The big windows and broad pitched gables are very much of their time although the building materials and technology originally used left something to be desired in terms of energy efficiency. However, with modern insulation and solar roofs these homes have everything needed to be state of the art 21st century eco-houses!

Keep straight up Ardmore Road and a fine view of open country soon appears with a high tree-lined horizon. Turn right at the top T-junction with the appropriately named Ardmore Heights and continue up to the highest point of your walk (just under 300 feet above the sea visible below).

As you come to the top corner of Ardmore Heights there is a cul-de-sac ending in Woodland. This is the upper part of Glenlyon Park. Unfortunately there is currently no path to access the park from here – but this would seem to be a great option for future recreational development.

Continue along Ardmore Heights as it makes a full turn back towards Ardmore Road and Brown’s Brae beyond.

As you proceed here it is very obvious you are dropping into a valley. Valleys generally have streams in their midst and here is no exception – the Croft Burn runs hidden, but un-culverted, behind the houses lining Ardmore Road below.

Steep sided built-up areas like this are often a major cause of urban flooding when torrential rains cannot be accommodated by the limited capacity of the street drainage. However, here every garden, hedge, flower bed, lawn and shrubbery will act to absorb storm run-off and help spare other houses downstream the misery of flooding. This is in addition to cleaning the air, removing CO2, absorbing sound and providing essential habitat for birds and pollinating inserts. Neighbourhoods such as these are good neighbours indeed!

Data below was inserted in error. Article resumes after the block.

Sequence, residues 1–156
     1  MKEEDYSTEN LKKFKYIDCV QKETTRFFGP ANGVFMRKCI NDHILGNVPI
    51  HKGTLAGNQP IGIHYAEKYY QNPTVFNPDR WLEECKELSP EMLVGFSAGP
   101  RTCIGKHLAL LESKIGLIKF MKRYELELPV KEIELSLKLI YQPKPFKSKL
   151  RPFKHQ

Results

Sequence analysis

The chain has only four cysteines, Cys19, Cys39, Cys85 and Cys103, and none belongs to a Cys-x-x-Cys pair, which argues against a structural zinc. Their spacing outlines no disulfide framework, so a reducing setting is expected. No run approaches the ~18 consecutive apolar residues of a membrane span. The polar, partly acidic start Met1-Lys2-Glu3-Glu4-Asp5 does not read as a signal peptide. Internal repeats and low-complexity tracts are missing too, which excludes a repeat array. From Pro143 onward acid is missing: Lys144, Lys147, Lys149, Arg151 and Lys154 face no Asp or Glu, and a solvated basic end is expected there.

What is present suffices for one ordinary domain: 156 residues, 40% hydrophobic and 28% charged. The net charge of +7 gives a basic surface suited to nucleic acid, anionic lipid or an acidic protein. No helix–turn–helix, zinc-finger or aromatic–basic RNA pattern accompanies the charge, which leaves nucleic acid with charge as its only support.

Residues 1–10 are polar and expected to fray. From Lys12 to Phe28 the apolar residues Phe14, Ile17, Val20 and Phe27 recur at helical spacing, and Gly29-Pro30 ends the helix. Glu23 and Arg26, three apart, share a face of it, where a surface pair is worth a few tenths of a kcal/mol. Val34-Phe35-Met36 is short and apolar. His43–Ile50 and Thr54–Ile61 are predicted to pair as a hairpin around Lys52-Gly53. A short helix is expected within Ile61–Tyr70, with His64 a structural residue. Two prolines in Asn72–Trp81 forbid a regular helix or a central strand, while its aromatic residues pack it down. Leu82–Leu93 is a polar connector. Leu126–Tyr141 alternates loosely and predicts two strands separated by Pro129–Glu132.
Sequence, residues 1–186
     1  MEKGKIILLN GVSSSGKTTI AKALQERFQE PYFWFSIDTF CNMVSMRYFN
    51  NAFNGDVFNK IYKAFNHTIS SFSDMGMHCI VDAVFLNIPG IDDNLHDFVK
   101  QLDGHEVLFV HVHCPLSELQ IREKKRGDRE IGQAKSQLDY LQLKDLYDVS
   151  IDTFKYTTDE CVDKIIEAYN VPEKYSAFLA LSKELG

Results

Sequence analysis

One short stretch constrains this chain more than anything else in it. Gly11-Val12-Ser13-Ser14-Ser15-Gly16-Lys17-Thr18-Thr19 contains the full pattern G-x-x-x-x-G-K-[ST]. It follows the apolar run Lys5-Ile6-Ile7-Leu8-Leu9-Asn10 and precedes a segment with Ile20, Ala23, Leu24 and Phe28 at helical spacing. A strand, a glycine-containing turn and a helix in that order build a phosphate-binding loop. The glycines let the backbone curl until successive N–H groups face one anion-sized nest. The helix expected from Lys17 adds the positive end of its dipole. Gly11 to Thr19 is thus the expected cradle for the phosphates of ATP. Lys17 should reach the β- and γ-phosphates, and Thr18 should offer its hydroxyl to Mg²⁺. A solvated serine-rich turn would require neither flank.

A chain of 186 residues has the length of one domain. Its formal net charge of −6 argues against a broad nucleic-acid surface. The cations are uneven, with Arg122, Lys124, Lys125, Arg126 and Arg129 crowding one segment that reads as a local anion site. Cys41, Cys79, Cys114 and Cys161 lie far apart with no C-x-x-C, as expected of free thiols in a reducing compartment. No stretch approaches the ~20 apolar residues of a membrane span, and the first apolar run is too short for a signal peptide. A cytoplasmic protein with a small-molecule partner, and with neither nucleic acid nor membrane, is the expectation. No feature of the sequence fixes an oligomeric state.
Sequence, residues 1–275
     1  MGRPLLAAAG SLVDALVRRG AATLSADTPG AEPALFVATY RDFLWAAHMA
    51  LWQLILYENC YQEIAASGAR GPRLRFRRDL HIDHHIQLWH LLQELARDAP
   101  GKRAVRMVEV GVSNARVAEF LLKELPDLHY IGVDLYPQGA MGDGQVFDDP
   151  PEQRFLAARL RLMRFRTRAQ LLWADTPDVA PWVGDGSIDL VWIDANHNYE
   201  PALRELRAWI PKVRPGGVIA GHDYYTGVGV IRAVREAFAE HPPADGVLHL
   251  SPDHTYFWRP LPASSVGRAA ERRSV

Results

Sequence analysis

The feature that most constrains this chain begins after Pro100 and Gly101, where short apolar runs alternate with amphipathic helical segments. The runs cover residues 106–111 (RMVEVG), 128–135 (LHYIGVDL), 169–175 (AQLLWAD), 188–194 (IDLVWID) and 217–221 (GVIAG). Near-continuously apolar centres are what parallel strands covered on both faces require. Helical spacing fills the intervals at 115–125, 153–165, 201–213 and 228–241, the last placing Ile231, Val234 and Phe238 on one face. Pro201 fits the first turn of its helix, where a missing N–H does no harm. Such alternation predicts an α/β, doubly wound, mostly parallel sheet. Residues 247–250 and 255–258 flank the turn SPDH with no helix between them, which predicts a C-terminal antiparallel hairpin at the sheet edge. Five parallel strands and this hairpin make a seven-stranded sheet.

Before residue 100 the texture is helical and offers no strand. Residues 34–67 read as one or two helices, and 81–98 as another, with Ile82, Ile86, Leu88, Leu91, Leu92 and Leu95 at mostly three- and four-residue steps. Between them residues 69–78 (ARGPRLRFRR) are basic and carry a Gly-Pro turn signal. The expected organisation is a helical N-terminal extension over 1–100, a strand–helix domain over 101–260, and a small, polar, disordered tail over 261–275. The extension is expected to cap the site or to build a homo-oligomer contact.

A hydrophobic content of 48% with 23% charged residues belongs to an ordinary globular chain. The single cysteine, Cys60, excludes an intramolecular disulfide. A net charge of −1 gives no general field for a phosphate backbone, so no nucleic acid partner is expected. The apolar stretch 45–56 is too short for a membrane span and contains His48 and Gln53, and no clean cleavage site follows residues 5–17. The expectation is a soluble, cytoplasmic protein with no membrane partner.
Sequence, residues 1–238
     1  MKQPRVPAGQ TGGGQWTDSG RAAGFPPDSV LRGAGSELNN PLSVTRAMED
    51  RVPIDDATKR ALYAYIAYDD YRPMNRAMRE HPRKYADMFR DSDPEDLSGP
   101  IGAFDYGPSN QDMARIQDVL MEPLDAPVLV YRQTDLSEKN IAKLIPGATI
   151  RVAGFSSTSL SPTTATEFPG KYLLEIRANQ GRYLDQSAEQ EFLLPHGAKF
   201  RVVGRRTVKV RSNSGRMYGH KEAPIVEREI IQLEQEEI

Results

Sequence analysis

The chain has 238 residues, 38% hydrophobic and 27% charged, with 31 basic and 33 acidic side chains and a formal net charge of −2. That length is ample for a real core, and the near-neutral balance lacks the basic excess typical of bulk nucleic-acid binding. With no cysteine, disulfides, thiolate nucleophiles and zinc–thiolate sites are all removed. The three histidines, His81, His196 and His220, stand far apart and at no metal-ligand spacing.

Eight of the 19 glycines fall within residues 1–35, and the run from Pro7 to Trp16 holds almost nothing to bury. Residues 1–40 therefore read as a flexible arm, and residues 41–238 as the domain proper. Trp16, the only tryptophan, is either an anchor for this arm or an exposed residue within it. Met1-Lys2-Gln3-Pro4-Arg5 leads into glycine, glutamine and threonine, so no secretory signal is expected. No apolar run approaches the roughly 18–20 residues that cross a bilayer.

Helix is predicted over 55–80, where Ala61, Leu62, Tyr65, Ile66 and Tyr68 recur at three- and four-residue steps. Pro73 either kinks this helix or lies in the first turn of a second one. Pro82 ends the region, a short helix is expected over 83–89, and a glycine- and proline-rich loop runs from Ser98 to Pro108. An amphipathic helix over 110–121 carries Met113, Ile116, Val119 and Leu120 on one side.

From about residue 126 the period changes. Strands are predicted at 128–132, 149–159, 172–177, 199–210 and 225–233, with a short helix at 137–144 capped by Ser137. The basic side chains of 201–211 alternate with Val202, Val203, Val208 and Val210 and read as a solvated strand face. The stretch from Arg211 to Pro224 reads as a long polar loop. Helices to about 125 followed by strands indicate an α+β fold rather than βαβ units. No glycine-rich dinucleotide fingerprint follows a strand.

Re-joining Ardmore Road I suggest to then take the next left up Glenview Road and then into Glenmore Avenue.

Looking backward down Glenmore Avenue over Belfast Lough

At the end of Glenmore Avenue you come to a pedestrian link path which takes you through to Glenview Road.

The area was designed with houses with garages to accommodate the motor car, but it also provides good pavements and link paths for the use of walking humans. They are a balance and human focus missing in more recent developer ‘exclusive’ housing!

As you arrive in Glenview Road a fine view over the lough and Antrim Hills opens up ahead. Glenlyon Park is just to your left but again there is no access possible here.

Just before the interesting cluster of new houses at the end of Glenview Road turn right downhill into another pedestrian linkway.

This takes you out onto Ardmore Avenue and then back down to Ardmore Road where you turn left and retrace to the far end of Ardmore Terrace.

Look back now to admire the bold symmetry of the row. The houses are Victorian, but the simple geometries, balance and clean lines hark back to the Georgian style.

Now don’t return down Ardmore Park but continue past the the terrace through a pedestrian link path bearing right onto Claremont Avenue.

This is a much older roadway which takes its name from the large Victorian villa, Claremont House, which now sits on your left.

As you descend pay attention to the electric power poles on your right. I imagine the old houses of Holywood were among the early adopters of electric home lighting and many of the old metal poles from that time have survived – still fit for purpose.

Now cross Victoria Road, turn left and returning to the Twisel Bridge. Take particular care in crossing here as visibility is limited and traffic can be fast.

Follow the Twisel path keeping an eye out for white chested dippers which sometimes can be seen bobbing in the burn below. You now emerge on Church Avenue which you follow out onto Church Road. turning right and continuing uphill to pass Glenlyon Park (you will have to cross the road as the left side pavement stops short).

Further uphill, past the Glenlyon Car Park you turn into Plas Merdyn. This road is blessed with some of the finest views in Holywood.

Near the road end you will see a set of old uneven steps with a rusty handrail dropping onto a narrow pedestrian path.

Descend with care and follow the path, which can be muddy at times, down onto Demesne Grove, turning left out onto Demesne Avenue.